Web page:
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Cements that self-repair cracks and store latent heat energy?

Date:
March 2, 2011
Source:
Basque Research
Summary:
Cement (and derivatives thereof) is one of the materials most commonly used in construction, given its good performance at low cost. Over recent years, one part of scientific and technological research is aimed at incorporating additional functions into these materials. Researchers have studied the possibility of adding capacities to the cement such as the self-repair of cracks as well as the storing of latent heat energy.

Cement (and derivatives thereof) is one of the materials most commonly used in construction, given its good performance at low cost. Over recent years, one part of scientific and technological research is aimed at incorporating additional functions into these materials. Specifically, Doctor Idurre Kaltzakorta studied the possibility of adding capacities to the cement such as self-repair of cracks as well as storing latent heat energy.

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Her PhD thesis, undertaken at Tecnalia's Construction Unit, was presented at the University of the Basque Country (UPV/EHU) and entitled: Synthesis of silica microcapsules encapsulating different organic compounds for addition in the cement paste.

As the title of her research suggests, Dr Kaltzakorta created silica (it is, for instance, the base of glass) microcapsules with organic material inside, the idea being to provide the cement with new functions. She opted for two types of organic materials, each corresponding to one of the two added features mentioned above. Thus, on the one hand, the microcapsules were filled with various epoxy resins (used in the manufacture of adhesives), to provide the cement with the capacity for the self-repair of cracks. On the other, phase change materials were encapsulated. These are materials which absorb or free a great quantity of heat on the phase of the material changing (from solid to liquid or liquid to gas and vice-versa), and enable the storage of latent heat energy in the cement material.

Sol-gel and emulsion

Ms Kaltzakorta studied the synthesis of the encapsulated material, opting for synthesising microcapsules by combining sol-gel chemistry with emulsion technology. This route enabled the encapsulation of organic material, difficult with other routes, under mild temperature and pressure conditions.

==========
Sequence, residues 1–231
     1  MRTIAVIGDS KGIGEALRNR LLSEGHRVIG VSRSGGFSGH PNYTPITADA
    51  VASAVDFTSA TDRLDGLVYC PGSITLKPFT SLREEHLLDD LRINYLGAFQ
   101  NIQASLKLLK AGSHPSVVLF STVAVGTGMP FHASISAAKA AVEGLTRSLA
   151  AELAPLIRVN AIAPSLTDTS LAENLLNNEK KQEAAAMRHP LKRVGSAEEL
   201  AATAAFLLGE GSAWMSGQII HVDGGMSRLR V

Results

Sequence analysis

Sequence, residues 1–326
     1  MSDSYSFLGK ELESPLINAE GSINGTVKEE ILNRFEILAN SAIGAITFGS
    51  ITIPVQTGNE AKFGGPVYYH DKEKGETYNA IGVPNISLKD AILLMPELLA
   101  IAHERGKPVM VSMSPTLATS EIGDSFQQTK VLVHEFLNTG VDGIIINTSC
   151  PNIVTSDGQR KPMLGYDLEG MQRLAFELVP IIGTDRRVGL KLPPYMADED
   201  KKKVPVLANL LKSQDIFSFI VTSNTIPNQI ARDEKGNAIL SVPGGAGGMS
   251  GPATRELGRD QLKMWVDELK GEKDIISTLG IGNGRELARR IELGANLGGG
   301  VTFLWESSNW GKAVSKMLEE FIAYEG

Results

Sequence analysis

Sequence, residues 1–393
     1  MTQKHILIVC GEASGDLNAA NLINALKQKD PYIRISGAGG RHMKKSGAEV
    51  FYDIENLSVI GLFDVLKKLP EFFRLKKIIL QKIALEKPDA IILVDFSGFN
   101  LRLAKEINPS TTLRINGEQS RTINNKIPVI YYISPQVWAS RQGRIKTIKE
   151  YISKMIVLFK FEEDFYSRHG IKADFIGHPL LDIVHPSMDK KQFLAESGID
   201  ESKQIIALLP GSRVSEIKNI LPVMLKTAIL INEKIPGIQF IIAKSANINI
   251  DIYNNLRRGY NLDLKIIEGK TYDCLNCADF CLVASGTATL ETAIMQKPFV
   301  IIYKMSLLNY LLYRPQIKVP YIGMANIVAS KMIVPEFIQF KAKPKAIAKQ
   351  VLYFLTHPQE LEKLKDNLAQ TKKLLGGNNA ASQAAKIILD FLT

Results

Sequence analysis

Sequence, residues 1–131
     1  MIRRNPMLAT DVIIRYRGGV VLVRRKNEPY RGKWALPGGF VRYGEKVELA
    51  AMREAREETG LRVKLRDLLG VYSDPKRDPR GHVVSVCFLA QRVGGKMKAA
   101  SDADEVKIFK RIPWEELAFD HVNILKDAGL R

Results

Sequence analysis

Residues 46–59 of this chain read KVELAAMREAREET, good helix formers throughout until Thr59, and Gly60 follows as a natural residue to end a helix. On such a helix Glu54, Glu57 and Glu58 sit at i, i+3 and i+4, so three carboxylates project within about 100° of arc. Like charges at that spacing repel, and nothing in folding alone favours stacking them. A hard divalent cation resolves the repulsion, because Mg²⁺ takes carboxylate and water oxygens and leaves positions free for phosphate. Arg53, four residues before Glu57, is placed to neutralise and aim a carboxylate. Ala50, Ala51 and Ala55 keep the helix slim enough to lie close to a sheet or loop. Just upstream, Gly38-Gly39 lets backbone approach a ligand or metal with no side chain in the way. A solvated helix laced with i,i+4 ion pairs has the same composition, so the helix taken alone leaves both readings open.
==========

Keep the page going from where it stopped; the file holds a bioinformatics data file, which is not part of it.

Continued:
Once the microcapsules were obtained, the thesis analysed the effect of the addition of these to the cement matrix, to verify the viability of the technique. With this in mind, Ms Kaltzakorta used a number of techniques with which the features of the new cement material could be studied, techniques such as X-ray tomography, scanning electron microscopy, mechanical testing and differential scanning calorimetry.

In conclusion, the thesis shows the viability of the development of a new generation of cements capable of the self-repair of cracks as well as storing latent heat energy, based on the application of silica microcapsules with various organic materials. In fact, the research for developing the new cement with the capacity for self-sealing of cracks has given rise to a patent. Moreover, according to Ms Kaltzakorta, the proposal presented in this thesis is a commitment to sustainability. On the one hand, getting the cement material to self-repair increases the useful life of the structures. On the other, using a material capable of regulating the temperature within the buildings will enhance their energy efficiency.


Story Source:

The above story is based on materials provided by Basque Research. Note: Materials may be edited for content and length.


Cite This Page:

Basque Research. "Cements that self-repair cracks and store latent heat energy?." ScienceDaily. ScienceDaily, 2 March 2011. <www.sciencedaily.com/releases/2011/03/110302075957.htm>.
Basque Research. (2011, March 2). Cements that self-repair cracks and store latent heat energy?. ScienceDaily. Retrieved April 19, 2015 from www.sciencedaily.com/releases/2011/03/110302075957.htm
Basque Research. "Cements that self-repair cracks and store latent heat energy?." ScienceDaily. www.sciencedaily.com/releases/2011/03/110302075957.htm (accessed April 19, 2015).

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